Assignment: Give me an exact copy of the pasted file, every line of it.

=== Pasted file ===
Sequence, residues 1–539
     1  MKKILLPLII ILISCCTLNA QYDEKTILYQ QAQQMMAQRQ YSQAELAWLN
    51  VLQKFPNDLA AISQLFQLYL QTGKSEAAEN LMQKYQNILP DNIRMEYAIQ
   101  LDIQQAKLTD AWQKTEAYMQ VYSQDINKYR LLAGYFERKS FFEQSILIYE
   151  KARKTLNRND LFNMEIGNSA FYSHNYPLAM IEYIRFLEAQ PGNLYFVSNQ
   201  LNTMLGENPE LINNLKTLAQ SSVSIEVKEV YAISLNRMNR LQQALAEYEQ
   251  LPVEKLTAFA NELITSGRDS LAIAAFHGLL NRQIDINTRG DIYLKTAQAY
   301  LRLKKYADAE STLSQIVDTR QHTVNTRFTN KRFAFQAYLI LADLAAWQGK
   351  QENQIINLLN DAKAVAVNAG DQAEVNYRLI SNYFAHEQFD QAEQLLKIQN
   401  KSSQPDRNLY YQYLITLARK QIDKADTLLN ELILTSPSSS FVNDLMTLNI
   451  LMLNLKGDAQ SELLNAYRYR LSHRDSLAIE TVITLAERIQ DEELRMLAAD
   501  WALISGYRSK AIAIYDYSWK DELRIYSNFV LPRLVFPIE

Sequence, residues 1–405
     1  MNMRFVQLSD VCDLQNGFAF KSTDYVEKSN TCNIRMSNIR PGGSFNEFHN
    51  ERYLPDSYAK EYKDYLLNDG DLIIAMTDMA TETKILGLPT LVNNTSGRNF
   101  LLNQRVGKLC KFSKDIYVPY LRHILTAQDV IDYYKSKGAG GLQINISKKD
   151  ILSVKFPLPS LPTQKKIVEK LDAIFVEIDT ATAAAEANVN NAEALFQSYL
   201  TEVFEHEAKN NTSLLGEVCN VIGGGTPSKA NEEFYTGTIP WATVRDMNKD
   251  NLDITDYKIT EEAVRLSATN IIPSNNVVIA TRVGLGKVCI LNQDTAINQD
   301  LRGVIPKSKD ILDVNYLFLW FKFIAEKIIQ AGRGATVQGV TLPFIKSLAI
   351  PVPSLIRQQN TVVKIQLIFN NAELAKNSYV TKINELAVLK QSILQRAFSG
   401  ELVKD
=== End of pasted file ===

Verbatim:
Sequence, residues 1–539
     1  MKKILLPLII ILISCCTLNA QYDEKTILYQ QAQQMMAQRQ YSQAELAWLN
    51  VLQKFPNDLA AISQLFQLYL QTGKSEAAEN LMQKYQNILP DNIRMEYAIQ
   101  LDIQQAKLTD AWQKTEAYMQ VYSQDINKYR LLAGYFERKS FFEQSILIYE
   151  KARKTLNRND LFNMEIGNSA FYSHNYPLAM IEYIRFLEAQ PGNLYFVSNQ
   201  LNTMLGENPE LINNLKTLAQ SSVSIEVKEV YAISLNRMNR LQQALAEYEQ
   251  LPVEKLTAFA NELITSGRDS LAIAAFHGLL NRQIDINTRG DIYLKTAQAY
   301  LRLKKYADAE STLSQIVDTR QHTVNTRFTN KRFAFQAYLI LADLAAWQGK
   351  QENQIINLLN DAKAVAVNAG DQAEVNYRLI SNYFAHEQFD QAEQLLKIQN
   401  KSSQPDRNLY YQYLITLARK QIDKADTLLN ELILTSPSSS FVNDLMTLNI
   451  LMLNLKGDAQ SELLNAYRYR LSHRDSLAIE TVITLAERIQ DEELRMLAAD
   501  WALISGYRSK AIAIYDYSWK DELRIYSNFV LPRLVFPIE

Sequence, residues 1–405
     1  MNMRFVQLSD VCDLQNGFAF KSTDYVEKSN TCNIRMSNIR PGGSFNEFHN
    51  ERYLPDSYAK EYKDYLLNDG DLIIAMTDMA TETKILGLPT LVNNTSGRNF
   101  LLNQRVGKLC KFSKDIYVPY LRHILTAQDV IDYYKSKGAG GLQINISKKD
   151  ILSVKFPLPS LPTQKKIVEK LDAIFVEIDT ATAAAEANVN NAEALFQSYL
   201  TEVFEHEAKN NTSLLGEVCN VIGGGTPSKA NEEFYTGTIP WATVRDMNKD
   251  NLDITDYKIT EEAVRLSATN IIPSNNVVIA TRVGLGKVCI LNQDTAINQD
   301  LRGVIPKSKD ILDVNYLFLW FKFIAEKIIQ AGRGATVQGV TLPFIKSLAI
   351  PVPSLIRQQN TVVKIQLIFN NAELAKNSYV TKINELAVLK QSILQRAFSG
   401  ELVKD